This is intended to be a comprehensive guide to all 5E Dungeons & Dragons players, and mostly new Dungeon Masters. It contains lots of questions I’ve seen during my years of DMing, and other stuff that comes from my experience as a player. I really hope you find it useful.
I don’t play 5th edition anymore as I find it not suiting the style of gameplay I like. This guide is kept for posterity and for utility purposes but I strongly recommend you reading my OSR primer and trying a game of B/X
So, you want to play Dungeons & Dragons. Let’s say you learned about it after watching Critical Role or some other show. Or maybe some friend told you about it. So now you’re eager to play. But before you do this there are something you must consider. Is D&D the right game for you?
Since it’s the most popular role-playing game ever, many people play it and suggest it to others without realizing what’s behind. D&D has a great history, and it was born as a game where you enter a dungeon, slay monsters and get loot. That’s it. Many editions have passed since then and the game evolved, but always remember its roots. Why do you want to play D&D? If you want to play a game for the role-playing element, then D&D isn’t probably the best choice (social interactions with NPCs are a nightmare!). If you want to play a game in a different setting then D&D isn’t the right game for you either. Evaluate the possible choices and choose accordingly, trying to force yourself to play a game just because it’s supposed to be fun for you won’t work.
Dungeons & Dragons has a very long history. Gigantic communities have been built around it, there are lots of books, materials and supplements. You’ll never run out of content and the lore of some of its settings is rich and deep. D&D (at least its 5th edition) is easy to pick up and teach to your players. It doesn’t require too much prep work, and there’s usually not much stuff to track. Right now Dungeons & Dragons is one of your best choices if you want to run a classic adventure in a classic fantasy setting, that has a good compromise between killing monsters, exploring and socializing.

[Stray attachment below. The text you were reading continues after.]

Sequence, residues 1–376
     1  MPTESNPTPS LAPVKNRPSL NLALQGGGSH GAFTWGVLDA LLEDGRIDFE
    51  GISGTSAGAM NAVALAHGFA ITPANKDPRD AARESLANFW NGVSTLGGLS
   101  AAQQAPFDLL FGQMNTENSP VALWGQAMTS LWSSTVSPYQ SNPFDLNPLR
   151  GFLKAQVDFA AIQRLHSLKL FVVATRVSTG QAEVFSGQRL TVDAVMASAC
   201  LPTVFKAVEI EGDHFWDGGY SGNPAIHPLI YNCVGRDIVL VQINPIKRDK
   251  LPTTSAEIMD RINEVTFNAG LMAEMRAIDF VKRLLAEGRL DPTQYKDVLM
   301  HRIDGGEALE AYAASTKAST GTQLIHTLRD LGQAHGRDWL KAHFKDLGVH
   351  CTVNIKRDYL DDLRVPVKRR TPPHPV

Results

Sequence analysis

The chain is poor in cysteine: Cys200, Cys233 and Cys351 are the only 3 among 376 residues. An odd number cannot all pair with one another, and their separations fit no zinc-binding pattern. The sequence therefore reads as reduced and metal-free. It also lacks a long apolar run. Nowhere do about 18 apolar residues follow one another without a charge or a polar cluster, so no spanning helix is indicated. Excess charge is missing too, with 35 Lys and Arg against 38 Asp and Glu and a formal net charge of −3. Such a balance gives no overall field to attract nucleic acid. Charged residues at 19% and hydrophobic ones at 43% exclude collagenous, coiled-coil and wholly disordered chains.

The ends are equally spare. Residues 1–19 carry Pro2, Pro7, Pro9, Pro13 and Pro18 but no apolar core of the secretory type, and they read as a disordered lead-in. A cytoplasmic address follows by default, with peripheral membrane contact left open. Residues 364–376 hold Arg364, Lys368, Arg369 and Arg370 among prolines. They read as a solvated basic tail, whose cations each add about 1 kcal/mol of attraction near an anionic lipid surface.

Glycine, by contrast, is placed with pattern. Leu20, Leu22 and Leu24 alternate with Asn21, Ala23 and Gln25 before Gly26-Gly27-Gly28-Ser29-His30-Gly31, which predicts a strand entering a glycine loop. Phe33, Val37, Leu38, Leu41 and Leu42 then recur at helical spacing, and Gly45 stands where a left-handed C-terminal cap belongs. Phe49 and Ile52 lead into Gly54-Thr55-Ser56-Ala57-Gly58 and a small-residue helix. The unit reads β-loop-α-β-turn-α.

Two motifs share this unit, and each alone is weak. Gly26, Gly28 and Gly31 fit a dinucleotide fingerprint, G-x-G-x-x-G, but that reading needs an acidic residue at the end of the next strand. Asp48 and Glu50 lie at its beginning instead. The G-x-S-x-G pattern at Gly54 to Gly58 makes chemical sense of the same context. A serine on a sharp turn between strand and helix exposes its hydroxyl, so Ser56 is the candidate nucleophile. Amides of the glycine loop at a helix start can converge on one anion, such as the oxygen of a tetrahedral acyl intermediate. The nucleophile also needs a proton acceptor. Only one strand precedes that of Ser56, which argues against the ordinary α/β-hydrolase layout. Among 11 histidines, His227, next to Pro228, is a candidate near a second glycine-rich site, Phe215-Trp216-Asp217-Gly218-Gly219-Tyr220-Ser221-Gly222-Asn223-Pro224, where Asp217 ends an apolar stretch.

To play the game you’ll need some multi-sided die, at least one friend (it works best when there are three or four of them), and some pen and paper or a pc. That’s it! It’s that simple. If you want a brief explanation of rules because you’re eager to play then here you go: one person (called the Dungeon Master) tells a story and the other players react with their characters. If the result of an action isn’t guaranteed then you roll a die and react accordingly. Of course the truth is a bit more complex than that, but this description pretty much sums up 90% of the game.
But let’s say you want to bring your game to a higher level. Luckily Wizards Of The Cost provide a free basic ruleset that covers pretty much all the rules. You still don’t have to pay for anything except the dice and the rules don’t become much more complex than “if something is difficult then you roll a die and add the appropriate modifiers”. There are also some free classes and some free races, so everyone can build their own unique character.
Not everyone has to read the rules; only the DM can do so and then explain the basics to the players while playing. But it’s advised that everyone reads the rules at least once so the flow of the game can be more fluid.
Now you played a game or two and found out that you like the game. Where do we go from there? Well, now you can buy some books. The latest edition of the game is the 5th one, and pretty much all the relevant material online is about this edition (but some people like to play older editions as well, keep that in mind!). So you’ll have to look online for some 5E Manuals.
The first one you’ll need to buy is the Player’s Handbook (PHB for short). It contains everything you need to play, all the classes and the sub-classes, all the spells, the races etc. and it costs ~$50 (as of the writing of this article). You can buy it physical or digital, and you’ll need only one copy, but it’s better if you have more than one so you can pass it around easily.
The next step, if you’re a DM would be to buy the Monster Manual (MM) that contains a lot of monsters to populate your adventures, and the Dungeon Masters Guide (DMG) that gives a lot of tips on how to build your world and your adventure and gives some advanced and variant rules. Those two last books are entirely optional and are used only to enhance your game.
Or, if you’re still not sure about the game, instead of buying the manuals you could buy Lost Mines Of Phandelver, a Starter Adventure!
Adventures are books published by Wizards Of The Cost that contain a fully developed story, with descriptions of NPCs, key locations and monsters. They’re meant for those that don’t have the time to write their own adventures, want some inspiration, or just can’t create something good because they’re not experienced enough.